AUN Law Professor Dr. Uchenna Jerome Orji has canvassed a legal basis for the interception of communications in Nigeria.
The Law professor was the lead speaker on 'An Inquiry into the Legal Regime for the Interception of Communications in Nigeria', a seminar of the School of Law.
It is a common expectation that consumers' data, including the web pages they access, whom they communicate with, and the content of the communication they make should be protected.
"This need arises from the right to privacy," he said, stating further that "the need to protect communication arises from the universal declaration of human rights, Article 12. In Nigeria, the 1999 constitution in section 37 provides for the right to privacy."
He observed that since the early days of electronic communications, individuals have expected that their communications will remain private.
"This expectation has not always been fulfilled due to the secret interception of communications by State actors or unauthorized third parties."
The expectation that communications will be private arises from the fundamental right to privacy or the 'right to be let alone'.
He explained that legal limitations on privacy rights allow state authorities to carry out the lawful interception of private communications.
"However, privacy rights are rarely absolute since such rights have to be balanced against public interests such as the need to assist law enforcement and security agencies in their efforts to apprehend criminals and protect public safety."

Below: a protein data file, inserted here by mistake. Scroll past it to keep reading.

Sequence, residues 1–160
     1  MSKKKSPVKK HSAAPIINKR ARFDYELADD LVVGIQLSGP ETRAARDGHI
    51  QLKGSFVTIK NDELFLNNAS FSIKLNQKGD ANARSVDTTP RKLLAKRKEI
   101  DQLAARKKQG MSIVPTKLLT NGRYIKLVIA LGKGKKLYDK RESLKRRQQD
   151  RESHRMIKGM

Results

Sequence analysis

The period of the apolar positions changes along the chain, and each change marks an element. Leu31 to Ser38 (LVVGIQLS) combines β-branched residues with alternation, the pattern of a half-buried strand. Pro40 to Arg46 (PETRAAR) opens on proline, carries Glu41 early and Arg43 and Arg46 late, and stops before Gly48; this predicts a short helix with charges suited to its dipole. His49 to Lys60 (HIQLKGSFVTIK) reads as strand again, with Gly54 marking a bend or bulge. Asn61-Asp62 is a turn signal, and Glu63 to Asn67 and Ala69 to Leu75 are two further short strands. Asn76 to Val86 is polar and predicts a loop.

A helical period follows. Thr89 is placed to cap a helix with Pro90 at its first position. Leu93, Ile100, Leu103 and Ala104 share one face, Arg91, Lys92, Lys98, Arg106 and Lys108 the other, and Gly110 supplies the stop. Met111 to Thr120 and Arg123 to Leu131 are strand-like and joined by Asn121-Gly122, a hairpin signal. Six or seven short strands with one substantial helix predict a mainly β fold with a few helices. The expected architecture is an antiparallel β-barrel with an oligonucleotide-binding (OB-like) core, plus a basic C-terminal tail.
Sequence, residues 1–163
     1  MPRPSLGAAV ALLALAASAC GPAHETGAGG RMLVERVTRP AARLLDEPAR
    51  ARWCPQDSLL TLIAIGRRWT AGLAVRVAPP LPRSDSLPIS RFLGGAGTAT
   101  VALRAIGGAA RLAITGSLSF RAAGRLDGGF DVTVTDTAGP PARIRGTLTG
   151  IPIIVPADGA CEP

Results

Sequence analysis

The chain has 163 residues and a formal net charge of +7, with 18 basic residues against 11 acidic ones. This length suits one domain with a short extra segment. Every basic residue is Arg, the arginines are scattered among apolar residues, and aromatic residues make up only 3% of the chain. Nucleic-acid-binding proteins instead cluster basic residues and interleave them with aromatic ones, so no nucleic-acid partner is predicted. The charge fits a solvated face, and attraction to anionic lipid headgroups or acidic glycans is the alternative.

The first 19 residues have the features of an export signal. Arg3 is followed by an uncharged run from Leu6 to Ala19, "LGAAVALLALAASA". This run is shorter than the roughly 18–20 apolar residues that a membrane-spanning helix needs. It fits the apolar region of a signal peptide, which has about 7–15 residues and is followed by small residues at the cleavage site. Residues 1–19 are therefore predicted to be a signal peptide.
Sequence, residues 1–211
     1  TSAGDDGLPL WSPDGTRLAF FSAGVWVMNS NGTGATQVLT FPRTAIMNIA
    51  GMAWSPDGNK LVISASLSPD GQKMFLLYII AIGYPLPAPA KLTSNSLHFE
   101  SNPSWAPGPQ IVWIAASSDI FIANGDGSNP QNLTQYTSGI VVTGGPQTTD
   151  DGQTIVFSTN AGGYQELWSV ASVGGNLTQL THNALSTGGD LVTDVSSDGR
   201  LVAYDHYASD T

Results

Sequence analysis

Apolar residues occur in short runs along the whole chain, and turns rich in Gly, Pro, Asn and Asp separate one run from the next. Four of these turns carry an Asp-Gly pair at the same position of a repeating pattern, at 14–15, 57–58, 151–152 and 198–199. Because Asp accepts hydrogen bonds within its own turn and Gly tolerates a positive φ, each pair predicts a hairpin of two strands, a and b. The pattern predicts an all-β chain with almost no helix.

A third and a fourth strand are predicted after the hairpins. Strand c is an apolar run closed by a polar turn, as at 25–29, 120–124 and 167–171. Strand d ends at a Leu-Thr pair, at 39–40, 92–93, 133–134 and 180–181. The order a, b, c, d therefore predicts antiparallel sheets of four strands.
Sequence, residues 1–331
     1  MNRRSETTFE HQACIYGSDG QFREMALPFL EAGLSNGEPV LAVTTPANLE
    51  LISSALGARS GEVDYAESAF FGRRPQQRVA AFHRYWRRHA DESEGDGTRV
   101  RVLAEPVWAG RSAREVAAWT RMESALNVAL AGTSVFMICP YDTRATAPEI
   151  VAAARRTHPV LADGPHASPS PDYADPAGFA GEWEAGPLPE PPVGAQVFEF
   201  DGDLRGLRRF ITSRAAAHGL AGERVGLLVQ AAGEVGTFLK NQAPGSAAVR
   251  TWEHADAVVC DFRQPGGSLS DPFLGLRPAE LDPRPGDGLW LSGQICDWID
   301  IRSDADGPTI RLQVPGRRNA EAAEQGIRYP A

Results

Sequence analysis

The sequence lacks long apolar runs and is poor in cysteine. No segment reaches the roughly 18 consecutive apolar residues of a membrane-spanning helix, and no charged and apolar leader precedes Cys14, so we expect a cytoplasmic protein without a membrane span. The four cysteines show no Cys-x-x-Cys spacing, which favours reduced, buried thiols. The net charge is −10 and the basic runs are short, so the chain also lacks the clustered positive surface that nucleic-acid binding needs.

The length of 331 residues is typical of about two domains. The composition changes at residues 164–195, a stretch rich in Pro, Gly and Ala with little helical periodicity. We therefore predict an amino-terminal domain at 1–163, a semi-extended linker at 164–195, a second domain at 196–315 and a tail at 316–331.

He maintained that while there can be a need for an interception in communications by state authorities for the essence of national security, such needs to be legitimate.
He gave the legal framework that provides for the interception of communication in Nigeria to be based on Sections 45 of the Nigerian Constitution which creates a legal basis for it. The laws that have been passed based on this include the Nigerian Communications Act, the Cyber Crimes Act, the Terrorism Prevention Act, and regulations such as the Registration of Subscribers Regulations, the Lawful Interception of Communications Regulations, and the Nigerian Communications Enforcement Process Regulations. In his presentation, he explained how they promote interception and how they violate privacy rights.
As for the case of the Nigerian Communications Act, for instance, he said sections 147 and 148 of the Act provides for the power of the NCC to order interception of communications during a public emergency or in the interest of public safety.
"The problem remains that in many instances the power to order communications interception does not have any provisions for judicial review. And when there is no court order, there could be potential for the mismanagement of state powers and the violation of privacy rights."
Third-year law student, Khadijah Awwal Shed, said she found the presentation to be insightful and very educating.
Reported by Omorogbe Omorogiuwa